The Office of the Deputy Prime Minister (2006) emphasizes the fact that people who have become socially excluded often become part of a vicious cycle of related problems which include unemployment, low incomes, poor housing, bad health and family breakdown, and its focus is to prevent this from happening in the future by fighting the problem now. The Social Exclusion Unit repeatedly tells us that it is critical to implement early preventative action, and children and young people are ‘especially vulnerable to the effects of social exclusion’ (www.socialexclusionunit.gov.uk, 2006, p1).
“Valuing People” (Department of Health, 2001)
The white paper called ‘Valuing People: a new strategy for Learning Disability for the 21st Century’ was published by the Government on 20th March 2001, and was a key turning point for people with learning disabilities, and not only addressed their needs, but proposed a way of trying to make their lives better (www.mind.org.uk, 2006). Four of the key principles in this white paper were civil rights, independence, choice and inclusion – things that people born without disabilities take for granted (www.mind.org.uk, 2006). The main aim of ‘Valuing People’ was to give people with learning disabilities a chance to have ‘a real say in where they live, what work they should do and who looks after them’ (Department of Health, 2001a). Valuing People sets out proposals from the Government to improve the life chances and opportunities for people with learning disabilities and their families, and looks towards collaboration between different agencies in order to achieve this (Niace, 2003).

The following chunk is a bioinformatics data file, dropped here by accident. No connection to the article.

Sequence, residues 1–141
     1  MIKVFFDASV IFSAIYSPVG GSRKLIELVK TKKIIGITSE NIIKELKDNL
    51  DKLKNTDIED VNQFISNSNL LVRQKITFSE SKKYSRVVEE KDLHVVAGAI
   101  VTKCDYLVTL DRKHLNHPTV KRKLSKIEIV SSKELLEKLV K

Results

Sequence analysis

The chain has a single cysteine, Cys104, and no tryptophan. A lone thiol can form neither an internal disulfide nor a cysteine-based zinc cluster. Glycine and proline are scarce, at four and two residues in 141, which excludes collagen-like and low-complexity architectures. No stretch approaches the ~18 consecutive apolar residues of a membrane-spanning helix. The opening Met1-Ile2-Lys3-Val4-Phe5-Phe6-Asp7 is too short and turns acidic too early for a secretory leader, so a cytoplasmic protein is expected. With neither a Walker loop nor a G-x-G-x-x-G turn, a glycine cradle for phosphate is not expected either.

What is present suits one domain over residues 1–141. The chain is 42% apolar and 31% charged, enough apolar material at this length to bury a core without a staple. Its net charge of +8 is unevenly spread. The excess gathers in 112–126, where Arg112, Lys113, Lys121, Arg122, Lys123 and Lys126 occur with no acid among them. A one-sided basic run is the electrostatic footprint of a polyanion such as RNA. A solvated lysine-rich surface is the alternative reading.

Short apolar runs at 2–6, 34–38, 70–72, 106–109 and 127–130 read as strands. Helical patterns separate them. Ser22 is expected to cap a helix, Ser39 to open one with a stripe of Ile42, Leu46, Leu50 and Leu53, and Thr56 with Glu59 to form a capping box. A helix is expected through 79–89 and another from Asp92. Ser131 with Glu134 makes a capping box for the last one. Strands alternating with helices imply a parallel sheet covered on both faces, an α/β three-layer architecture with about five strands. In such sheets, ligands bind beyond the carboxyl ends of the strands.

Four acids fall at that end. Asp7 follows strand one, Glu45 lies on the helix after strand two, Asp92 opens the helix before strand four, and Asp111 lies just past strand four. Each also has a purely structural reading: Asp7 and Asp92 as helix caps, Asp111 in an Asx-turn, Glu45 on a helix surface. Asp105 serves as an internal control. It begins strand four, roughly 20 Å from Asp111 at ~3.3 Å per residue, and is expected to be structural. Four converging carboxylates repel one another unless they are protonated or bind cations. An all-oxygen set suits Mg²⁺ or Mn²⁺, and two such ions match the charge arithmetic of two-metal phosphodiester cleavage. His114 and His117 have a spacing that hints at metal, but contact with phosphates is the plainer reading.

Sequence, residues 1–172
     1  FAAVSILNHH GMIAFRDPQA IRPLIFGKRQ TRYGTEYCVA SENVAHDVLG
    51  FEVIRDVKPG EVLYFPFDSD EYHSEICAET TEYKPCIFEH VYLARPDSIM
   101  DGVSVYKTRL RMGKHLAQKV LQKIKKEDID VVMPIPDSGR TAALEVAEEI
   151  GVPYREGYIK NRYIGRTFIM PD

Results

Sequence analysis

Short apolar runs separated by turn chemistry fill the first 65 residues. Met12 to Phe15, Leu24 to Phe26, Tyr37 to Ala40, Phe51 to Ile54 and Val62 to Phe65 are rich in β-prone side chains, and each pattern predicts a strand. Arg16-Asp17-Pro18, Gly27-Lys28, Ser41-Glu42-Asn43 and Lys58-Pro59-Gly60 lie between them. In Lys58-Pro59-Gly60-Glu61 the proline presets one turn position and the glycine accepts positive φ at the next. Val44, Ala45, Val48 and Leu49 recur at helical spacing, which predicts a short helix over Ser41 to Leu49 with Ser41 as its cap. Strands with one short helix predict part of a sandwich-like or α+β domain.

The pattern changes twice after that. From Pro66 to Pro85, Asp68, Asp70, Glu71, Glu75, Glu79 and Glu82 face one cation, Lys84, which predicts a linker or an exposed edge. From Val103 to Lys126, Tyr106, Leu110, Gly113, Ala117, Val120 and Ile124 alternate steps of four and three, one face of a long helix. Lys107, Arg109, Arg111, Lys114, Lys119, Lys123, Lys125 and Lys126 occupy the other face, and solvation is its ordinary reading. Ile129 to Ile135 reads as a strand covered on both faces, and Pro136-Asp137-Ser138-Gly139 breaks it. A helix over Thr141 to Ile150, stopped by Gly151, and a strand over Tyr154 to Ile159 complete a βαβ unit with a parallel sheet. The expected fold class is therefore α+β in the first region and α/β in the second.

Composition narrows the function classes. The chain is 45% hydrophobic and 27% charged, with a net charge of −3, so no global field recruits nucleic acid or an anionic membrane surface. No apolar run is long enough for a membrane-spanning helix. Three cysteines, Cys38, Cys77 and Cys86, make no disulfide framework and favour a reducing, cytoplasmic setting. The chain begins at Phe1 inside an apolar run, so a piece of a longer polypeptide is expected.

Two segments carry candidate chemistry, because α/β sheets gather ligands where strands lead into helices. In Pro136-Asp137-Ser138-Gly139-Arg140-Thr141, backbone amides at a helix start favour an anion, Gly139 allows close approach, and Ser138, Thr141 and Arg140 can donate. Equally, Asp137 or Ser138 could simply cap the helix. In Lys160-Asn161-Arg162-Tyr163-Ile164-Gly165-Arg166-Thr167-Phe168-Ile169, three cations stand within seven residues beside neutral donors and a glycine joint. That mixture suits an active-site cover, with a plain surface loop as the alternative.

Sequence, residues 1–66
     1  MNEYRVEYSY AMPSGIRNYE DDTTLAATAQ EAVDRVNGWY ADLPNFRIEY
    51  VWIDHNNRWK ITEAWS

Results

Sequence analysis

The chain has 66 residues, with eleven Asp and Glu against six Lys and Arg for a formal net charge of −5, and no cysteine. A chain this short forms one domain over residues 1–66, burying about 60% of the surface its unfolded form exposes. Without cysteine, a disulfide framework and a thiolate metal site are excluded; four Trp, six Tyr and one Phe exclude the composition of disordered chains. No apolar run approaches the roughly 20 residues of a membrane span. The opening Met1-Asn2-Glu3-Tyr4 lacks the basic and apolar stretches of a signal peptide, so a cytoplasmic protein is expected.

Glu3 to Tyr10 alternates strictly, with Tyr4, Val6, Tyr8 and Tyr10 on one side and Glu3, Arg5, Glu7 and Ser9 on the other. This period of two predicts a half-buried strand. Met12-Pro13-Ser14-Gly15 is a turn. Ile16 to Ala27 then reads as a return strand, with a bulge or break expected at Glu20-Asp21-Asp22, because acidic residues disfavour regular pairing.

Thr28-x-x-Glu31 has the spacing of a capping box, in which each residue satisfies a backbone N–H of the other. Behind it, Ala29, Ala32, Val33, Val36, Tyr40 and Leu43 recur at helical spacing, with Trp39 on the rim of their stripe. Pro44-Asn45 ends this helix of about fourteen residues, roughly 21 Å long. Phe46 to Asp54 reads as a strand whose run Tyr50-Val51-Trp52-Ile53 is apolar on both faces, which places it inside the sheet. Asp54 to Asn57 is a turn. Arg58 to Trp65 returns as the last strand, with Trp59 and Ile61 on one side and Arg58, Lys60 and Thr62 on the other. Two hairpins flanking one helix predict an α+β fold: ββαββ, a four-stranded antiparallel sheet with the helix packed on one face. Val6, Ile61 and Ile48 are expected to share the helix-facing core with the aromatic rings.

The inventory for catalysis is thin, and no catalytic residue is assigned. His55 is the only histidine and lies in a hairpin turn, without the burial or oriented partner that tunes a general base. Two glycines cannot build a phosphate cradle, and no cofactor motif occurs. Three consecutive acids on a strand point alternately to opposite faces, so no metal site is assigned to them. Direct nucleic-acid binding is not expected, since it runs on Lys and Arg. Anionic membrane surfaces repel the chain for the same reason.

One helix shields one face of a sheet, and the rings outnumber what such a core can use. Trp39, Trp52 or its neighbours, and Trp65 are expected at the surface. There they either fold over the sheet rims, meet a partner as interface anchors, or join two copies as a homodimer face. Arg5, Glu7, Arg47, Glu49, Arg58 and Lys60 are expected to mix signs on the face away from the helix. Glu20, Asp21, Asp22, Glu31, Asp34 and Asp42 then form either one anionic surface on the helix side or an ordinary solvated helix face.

“Nothing about us without us” (Department of Health, 2001b)
This report was published by the Department of Health regarding the rights of people who have learning disabilities, and the report says that a person with learning difficulties cannot have their lives discussed without them being present so that they are involved in making the decisions about their life (Department of Health, 2001). The report also says that if decisions are being made that could affect people with learning disabilities then there must be people present that have learning disabilities (Department of Health, 2001).
A report called Hidden Lives was published by the charity Turning Point, in which they examined how effective legislation had been in tackling social exclusion (Batty, 2004). The results of the report were quite alarming, with many service users claiming that improvement had been very slow, and the charity fear that people with learning disabilities are facing social exclusion forever (Batty, 2004).
“The solution to social exclusion lies not in myriad attempts ro repair society at points of breakdown, but in persuading relatively affluent groups that social inclusion is worth paying for” (Watt, 2001)